Sunday, June 3, 2012


If you asked me what month it is – I wouldn’t know.  I have faintly registered that it is now June – in a land far away where I used to belong that meant summer starting.  It meant the end of spring flowers and the beginning of popsicles, humidity, long lazy days by the pool, going to the beach, and spending off days lost in bookstores.  It means strawberries, blueberries, and red white and blue, blasting country music on winding country roads and watching dandelions poke their yellow heads through the crumble of the earth.

Now, June means the rains are beginning, it means the worst of the searing heat is behind me, it means a scorched dusting of spring that gets dissolved in the rain and the mud.  It means I’ve been here almost 8 months…. It means I have 3 ½ months to go

I don’t even want to go anymore.  I don’t want to leave Tchad – Adam and Mayline are leaving tomorrow morning, we said goodbye tonight – and I feel oddly sad about it – probably because Adam and I came on the same day, on the same plane, felt the cool green breeze of Ethiopia sweep our faces on the tarmac, boarded that last plane – destination NDJ – looked wide-eyed down at the tiny mottled carpet of rice fields that was going to be our home – pushed our way suspiciously through customs – guarding our heavy bags – fearfully exchanged thousands of dollars out of the window of a taxi in the middle of a crowded market place – endured the long bus ride to Béré that included wading across the flooded road and pushing the bus across the “lake.”

And now he is gone – and I’m not sad because I want to go to, I am sad because I want to stay.

It has taken me 8 months to love it here, to learn the culture, to learn the language, to be comfortable and confident in my job as a nurse in this setting – I have grown to love my family, my co-workers, even the other nasaras.  And I’m supposed to just leave in 3 months?  It isn’t natural.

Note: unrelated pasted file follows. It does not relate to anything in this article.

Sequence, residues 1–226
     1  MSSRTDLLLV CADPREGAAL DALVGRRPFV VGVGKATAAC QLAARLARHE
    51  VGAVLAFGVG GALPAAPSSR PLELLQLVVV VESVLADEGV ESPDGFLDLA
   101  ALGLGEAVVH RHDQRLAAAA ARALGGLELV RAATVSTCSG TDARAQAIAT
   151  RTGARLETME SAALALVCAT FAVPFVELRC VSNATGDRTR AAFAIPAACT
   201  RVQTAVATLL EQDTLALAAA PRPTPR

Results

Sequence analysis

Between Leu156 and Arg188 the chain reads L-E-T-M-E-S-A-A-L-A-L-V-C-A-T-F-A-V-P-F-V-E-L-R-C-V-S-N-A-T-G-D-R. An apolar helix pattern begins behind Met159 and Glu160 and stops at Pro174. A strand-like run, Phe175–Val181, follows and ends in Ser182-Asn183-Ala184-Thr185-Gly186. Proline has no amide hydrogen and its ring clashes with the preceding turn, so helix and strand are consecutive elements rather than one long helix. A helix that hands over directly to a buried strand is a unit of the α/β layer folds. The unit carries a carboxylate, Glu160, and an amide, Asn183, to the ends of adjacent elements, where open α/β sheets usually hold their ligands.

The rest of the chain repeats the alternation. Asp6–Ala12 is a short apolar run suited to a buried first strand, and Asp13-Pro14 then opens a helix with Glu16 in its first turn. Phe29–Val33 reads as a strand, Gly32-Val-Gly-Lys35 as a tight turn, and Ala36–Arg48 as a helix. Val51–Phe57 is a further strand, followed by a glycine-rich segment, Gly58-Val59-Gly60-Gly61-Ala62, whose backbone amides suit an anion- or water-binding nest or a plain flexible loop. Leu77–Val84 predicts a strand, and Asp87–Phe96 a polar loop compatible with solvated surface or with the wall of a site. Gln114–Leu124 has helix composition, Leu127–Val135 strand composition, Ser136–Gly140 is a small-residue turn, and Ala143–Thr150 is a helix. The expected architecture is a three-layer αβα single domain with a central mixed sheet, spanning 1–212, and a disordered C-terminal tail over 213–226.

There is something wrong with leaving just as you grow to love a place.  Do you stay or do you go?  Do you put down roots in a place such as this, or do you take your knowledge and move on to the next place, and the next, and the next….

I’m a tumble-weed, I could never just stay.  But at the same time, I’m jealous of my friend Bronwyn.  She is in Bendalay and is going to be running the nutrition center – this one is a tour de force – a whirlwind of pure competent woman – she rips apart sinks and re-plumbs them with her bare hands, rides her moto in terrible roads to remote villages to see women and malnourished babies, is learning the local Nangere language along with French, is basically putting down roots and building relationships for the long haul. 

And I know that a long – term commitment is fraught with more hardships and struggles than I will ever understand – that it’s not easier – I just wish, almost for the first time in my life, that I was staying too. 

But I won’t stay.  I’ll go – I’ll find my niche, find a project to call my own – find a place in the farthest and worse corner of the earth – there isn’t much worse than Tchad – but I’ll find it.  But if I found it, the place I really belonged – the place I was finally supposed to put roots down in, would I know it?  Or would I spend a year and leave there too. 

The journey is always bittersweet

But I would never trade it for all the comfort, stability, and love in the world –

Because there is something about facing new horizons, plunging into the unknown, the age-old magic of the open road and open mind – it’s intoxicating – and once you taste it – you will always go again

And go

And go

And go

Once you taste freedom you will always be hungry

Once you grow wings you can never stay rooted

But before my next journey, I am still in this one.  And I must leave with no regrets, with a job well done, with projects completed, with friendships made, with love shown at every opportunity – packing vitality and life into the present moment is the only thing that can make a future departure palatable

I love Tchad

I love Tchad

I can’t believe it – but I love Tchad – it’s in my blood like a glorious and festering parasite –

 it will recur again and again –

 this beautiful disease, tchad, Africa, drumming in my veins, and setting like a fiery orange sunset over the grasslands, its fine red dust settling into every inch of my soul

and I will be back again and again,

I will drink again and again from this spicy cup of tea and brimstone

I will feel my heart race as I come closer and closer, inexplicably knowing that I am coming home, home, back to the heart of the earth, back to where the stars are brightest, the moon is fullest, and life and death and color is most stark, back to where I am stripped down to only that which is necessary, back to where what matters is most obvious, back to the peace that sleeps with chaos, back to where I belong.   

** Photo:  Bronwyn and I
** Nasara:  local speak for "white person"

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